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Rare Books and the Rare Book Trade
Stockholm
Book Fairs

News from Stockholm!

Published on 15 March 2018
On Saturday 17th March, the 2018 edition of the annual Stockholm Antiquarian Book Fair will open its doors! We spoke to Mats Peterson, owner of Stockholm's Centralantikvariatet in Stockholm and President of the Swedish association SVAF.
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From the Vault

A sneak peek in our archives

Article

You Can Quote Me On That

My catalogs are shorter, each consisting a single item, and they are even more "special" since they only go to one person each – with photographs, but digitally. They are called "quotes" and they're what little guys like me – specialist dealers – do instead of accumulating 350,000 books and hiring a prodigy like Dan Gregory to sell them. I suspect the act of "quoting" books has been around since 1455. In the old days we used carrier pigeons. Later, we graduated to postcards. Kevin Johnson of Royal Books is a terrific bookseller. He makes the point that people actually like being contacted by dealers, especially if we're offering material that stimulates their interest. He prefers telephone, but I'm too shy. I use email instead. Still, it amounts to the same thing – we put the book in the person's hand and say, "Look at this! Isn't it cool? I'm really excited about it."
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Article

Collecting Rare Books and First Editions: Poe and Rafinesque in Philadelphia

It is not often that one discovers the work of an overlooked or forgotten genius, or a previously-unknown work of an established master. This is, of course, the hope which moves us to carefully examine all sorts of periodical publications and ephemera. So when Tom Congalton asked me to catalog two large folio volumes of the Philadelphia-based Saturday Evening Post, from 1827 and 1828, I was pleased to find the puzzle poem "Enigma" attributed to Edgar Allan Poe, and "Psalm 139th" by his brother Henry Poe. Perhaps the most interesting contributions to these volumes are not the Poeiana, but rather a whole series of botanical sketches and other contributions by an eccentric genius with the evocative name Rafinesque.
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Article

Early Engraver Played His Cards Right

The "Meister der Spielkarten", or "The Master of the Playing Cards" is known only through the 106 engravings that have been attributed to him, including the set of playing cards that he is named for. The term "master" is reserved for someone who has completed an apprenticeship and ran his own workshop, teaching apprentices. His presumed students are also unknown but have similar names, such as "The Master of the Nuremberg Passion", "The Master of 1446", and "The Master of the Banderoles".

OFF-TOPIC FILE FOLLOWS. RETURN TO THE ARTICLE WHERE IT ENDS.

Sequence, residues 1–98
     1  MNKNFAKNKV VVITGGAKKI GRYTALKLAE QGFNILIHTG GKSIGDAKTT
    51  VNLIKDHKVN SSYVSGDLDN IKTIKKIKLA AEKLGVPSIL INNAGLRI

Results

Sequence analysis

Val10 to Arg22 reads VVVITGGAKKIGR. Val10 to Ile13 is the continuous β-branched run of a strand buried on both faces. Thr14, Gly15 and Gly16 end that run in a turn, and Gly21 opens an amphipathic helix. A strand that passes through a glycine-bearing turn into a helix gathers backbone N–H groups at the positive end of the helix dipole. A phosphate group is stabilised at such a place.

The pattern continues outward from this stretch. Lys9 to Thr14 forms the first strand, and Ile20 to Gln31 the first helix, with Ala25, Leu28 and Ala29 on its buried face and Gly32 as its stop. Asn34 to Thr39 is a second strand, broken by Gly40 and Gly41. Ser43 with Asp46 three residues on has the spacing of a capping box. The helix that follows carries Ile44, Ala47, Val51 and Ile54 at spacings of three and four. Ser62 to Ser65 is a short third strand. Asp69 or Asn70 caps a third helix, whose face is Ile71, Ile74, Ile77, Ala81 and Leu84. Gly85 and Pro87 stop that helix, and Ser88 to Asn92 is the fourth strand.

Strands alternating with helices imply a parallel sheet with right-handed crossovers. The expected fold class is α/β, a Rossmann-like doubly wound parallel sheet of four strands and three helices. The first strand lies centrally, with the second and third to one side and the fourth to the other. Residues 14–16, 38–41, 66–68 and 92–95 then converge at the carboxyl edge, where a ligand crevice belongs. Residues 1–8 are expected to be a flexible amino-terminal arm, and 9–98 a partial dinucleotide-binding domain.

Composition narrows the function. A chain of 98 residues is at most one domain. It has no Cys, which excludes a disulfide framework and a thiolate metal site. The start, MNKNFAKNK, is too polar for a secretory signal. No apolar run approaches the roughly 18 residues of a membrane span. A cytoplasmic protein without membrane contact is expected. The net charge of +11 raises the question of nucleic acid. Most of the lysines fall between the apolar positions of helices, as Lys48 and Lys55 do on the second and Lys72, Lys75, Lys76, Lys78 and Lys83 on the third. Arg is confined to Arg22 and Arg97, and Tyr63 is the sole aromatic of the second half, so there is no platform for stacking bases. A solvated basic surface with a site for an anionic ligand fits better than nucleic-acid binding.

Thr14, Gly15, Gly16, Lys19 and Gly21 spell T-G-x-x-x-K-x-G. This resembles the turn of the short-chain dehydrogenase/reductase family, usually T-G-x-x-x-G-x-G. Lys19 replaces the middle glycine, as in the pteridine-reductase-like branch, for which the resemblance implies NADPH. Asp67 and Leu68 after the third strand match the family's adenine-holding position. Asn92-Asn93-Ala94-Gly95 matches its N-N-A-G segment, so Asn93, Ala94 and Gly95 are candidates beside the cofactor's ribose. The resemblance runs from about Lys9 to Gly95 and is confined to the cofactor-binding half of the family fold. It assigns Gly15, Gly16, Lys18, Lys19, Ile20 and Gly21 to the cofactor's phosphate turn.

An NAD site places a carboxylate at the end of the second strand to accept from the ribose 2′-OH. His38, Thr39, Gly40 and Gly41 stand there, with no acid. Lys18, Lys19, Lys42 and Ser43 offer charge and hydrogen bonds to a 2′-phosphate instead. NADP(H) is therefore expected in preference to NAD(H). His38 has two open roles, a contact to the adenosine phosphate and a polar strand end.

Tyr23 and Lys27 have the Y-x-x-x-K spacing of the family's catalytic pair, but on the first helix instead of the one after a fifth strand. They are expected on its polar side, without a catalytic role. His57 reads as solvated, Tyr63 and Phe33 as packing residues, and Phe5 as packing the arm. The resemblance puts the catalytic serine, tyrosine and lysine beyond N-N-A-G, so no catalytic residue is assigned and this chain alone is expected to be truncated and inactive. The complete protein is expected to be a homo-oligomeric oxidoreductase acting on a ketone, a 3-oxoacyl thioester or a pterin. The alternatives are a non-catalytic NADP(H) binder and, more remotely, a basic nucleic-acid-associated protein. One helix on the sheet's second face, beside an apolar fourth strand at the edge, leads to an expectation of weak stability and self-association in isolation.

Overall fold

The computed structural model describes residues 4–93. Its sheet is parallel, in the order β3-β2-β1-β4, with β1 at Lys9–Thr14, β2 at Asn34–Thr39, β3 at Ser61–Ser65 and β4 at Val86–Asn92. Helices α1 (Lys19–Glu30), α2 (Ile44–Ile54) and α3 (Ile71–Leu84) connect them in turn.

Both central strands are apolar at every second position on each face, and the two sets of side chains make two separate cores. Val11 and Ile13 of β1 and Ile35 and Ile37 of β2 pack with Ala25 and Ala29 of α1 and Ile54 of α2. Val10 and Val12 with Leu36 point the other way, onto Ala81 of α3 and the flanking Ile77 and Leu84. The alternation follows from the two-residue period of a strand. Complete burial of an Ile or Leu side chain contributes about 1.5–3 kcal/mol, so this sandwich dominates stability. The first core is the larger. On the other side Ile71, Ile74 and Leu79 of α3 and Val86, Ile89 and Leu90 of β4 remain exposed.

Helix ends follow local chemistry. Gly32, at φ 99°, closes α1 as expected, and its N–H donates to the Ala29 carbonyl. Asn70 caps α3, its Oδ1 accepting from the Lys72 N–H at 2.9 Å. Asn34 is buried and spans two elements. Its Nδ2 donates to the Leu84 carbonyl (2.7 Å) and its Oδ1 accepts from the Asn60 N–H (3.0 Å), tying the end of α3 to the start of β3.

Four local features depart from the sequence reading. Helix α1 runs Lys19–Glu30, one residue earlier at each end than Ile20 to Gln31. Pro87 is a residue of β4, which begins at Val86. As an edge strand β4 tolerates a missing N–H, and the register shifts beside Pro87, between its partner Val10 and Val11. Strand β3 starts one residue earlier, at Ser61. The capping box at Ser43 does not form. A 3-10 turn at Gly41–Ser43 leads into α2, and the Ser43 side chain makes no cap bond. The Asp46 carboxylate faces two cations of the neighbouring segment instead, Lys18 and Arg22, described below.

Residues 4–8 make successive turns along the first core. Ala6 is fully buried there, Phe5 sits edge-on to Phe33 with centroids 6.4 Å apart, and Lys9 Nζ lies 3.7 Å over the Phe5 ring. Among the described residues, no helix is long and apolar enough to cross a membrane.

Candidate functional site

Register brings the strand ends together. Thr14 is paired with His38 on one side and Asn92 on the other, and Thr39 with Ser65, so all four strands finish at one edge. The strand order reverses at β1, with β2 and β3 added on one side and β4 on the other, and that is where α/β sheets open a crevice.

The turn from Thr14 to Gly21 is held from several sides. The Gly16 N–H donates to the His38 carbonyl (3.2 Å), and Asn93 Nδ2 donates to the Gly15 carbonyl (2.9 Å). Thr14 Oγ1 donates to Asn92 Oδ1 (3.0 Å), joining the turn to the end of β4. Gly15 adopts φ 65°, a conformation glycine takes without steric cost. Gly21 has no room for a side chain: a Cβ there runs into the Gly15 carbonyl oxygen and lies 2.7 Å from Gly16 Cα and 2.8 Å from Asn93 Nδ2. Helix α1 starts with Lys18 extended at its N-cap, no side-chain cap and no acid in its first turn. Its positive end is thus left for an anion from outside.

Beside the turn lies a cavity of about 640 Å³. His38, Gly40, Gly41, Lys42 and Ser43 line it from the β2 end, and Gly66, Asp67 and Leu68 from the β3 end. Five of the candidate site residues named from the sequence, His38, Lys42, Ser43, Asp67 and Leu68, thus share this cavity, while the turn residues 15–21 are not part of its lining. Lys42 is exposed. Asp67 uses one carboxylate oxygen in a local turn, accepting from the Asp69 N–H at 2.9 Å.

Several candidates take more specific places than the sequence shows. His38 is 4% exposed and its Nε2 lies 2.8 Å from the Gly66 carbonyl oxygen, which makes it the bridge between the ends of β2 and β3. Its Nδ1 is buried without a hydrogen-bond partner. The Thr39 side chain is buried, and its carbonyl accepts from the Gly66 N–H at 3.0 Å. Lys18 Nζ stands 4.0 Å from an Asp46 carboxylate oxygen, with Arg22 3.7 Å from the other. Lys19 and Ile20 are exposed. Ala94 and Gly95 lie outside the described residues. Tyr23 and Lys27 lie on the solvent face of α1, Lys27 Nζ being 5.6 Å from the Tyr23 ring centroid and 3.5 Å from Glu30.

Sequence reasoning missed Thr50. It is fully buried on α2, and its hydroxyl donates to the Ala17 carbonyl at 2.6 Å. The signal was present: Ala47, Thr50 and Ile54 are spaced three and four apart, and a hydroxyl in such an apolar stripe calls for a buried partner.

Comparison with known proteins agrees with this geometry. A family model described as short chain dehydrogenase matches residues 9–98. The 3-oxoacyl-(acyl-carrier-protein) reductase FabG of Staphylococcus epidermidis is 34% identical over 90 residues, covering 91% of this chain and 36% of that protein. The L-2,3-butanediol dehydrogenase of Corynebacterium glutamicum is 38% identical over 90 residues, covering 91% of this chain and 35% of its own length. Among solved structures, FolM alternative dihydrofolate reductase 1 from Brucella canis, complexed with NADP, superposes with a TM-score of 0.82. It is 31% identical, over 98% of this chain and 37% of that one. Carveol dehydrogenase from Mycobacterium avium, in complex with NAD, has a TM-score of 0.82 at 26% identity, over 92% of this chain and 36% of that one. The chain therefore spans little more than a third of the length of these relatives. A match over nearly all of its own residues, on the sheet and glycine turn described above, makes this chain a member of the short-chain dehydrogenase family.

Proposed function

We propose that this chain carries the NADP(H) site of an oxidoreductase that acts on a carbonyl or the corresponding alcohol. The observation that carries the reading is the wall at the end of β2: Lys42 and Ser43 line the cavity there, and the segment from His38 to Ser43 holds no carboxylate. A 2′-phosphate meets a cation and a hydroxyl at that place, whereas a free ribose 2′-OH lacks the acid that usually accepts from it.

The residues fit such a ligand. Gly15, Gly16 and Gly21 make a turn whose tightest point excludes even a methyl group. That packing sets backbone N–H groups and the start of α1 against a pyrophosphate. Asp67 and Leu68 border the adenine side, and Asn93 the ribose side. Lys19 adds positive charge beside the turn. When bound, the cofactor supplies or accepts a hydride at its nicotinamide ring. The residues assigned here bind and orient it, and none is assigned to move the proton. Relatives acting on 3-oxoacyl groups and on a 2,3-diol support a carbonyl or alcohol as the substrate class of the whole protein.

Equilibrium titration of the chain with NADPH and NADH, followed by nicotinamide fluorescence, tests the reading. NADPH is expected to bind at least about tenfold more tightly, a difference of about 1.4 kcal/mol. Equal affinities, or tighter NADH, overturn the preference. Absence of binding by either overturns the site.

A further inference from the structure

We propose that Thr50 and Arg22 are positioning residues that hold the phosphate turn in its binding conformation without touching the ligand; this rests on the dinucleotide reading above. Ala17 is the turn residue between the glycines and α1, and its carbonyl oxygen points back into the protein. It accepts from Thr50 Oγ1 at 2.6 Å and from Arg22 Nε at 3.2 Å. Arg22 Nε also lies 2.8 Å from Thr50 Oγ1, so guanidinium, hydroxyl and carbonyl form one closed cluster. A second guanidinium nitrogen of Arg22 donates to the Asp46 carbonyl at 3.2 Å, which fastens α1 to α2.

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Article

Obituaries for Martin Stone (1946 - 2016) - Bookseller, book scout, legend of the rare book trade

The rare book trade has lost one of his most interesting and legendary personalities. Martin Stone (11 December 1946, Woking, Surrey – 9 November 2016, Versailles, France) was an English guitarist and rare book dealer.
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Article

Two Faces of 20th Century Chinese Painting: Qi Baishi & Zhang Dagian

These days, it seems as though you could walk into your local coffee shop, shout out names like Matisse, Monet, Picasso, Van Gogh, Pollock, Klimt, Rembrandt, Renoir, Degas, Munch, Chagall, Kahlo, Vermeer, or Dali and every single person there would know what these 14 people had in common. They are painters! They have different styles, are from different cultures, different countries, different eras and have different backgrounds, yet we know them all, despite – probably – never having taken an art history class in our lives. Now for a test! What do the names Xu Beihong, Bada Shanren, Lin Fengmian, Wu Guanzhong, Ren Bonian and Wang Hui have in common? Now, I hope 15% of the people reading this blog know at least one or two of these names already. I assume 35% of you have absolutely no idea, and the last 50% are possibly clever enough to realize that they are Chinese painters, given the subject of this blog. Yes, they are indeed Chinese painters, with those names alone ranging in history from 701 AD to the present day. Chinese painting too has a tradition spanning centuries, with artists today continuing the traditional style of Chinese painting just as often as they push the boundaries of modern art. Two of China's most renowned and legendary artists from more recent times are Qi Baishi and Zhang Dagian (or Chang Dai-Chien), the darlings of the Chinese Art World in the early to mid 20thcentury.
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Article

The Art of American Book Covers – Peacocks

The first post to this blog in August 2009 was about a book with a peacock feather stamped in gold on the cover, The New Day by Richard Watson Gilder [Scribner, Armstrong, 1876]. It's worth re-reading that story, because there is a connection to Margaret Armstrong, whose peacock designs are below. Here's a photo of that book to refresh your memory. Click it to read the original post. Peacocks and peacock feathers were a pervasive image of the Aesthetic Movement, a symbol of beauty in nature. Whistler's Peacock Room of 1877 was a monumental tribute to this theme.
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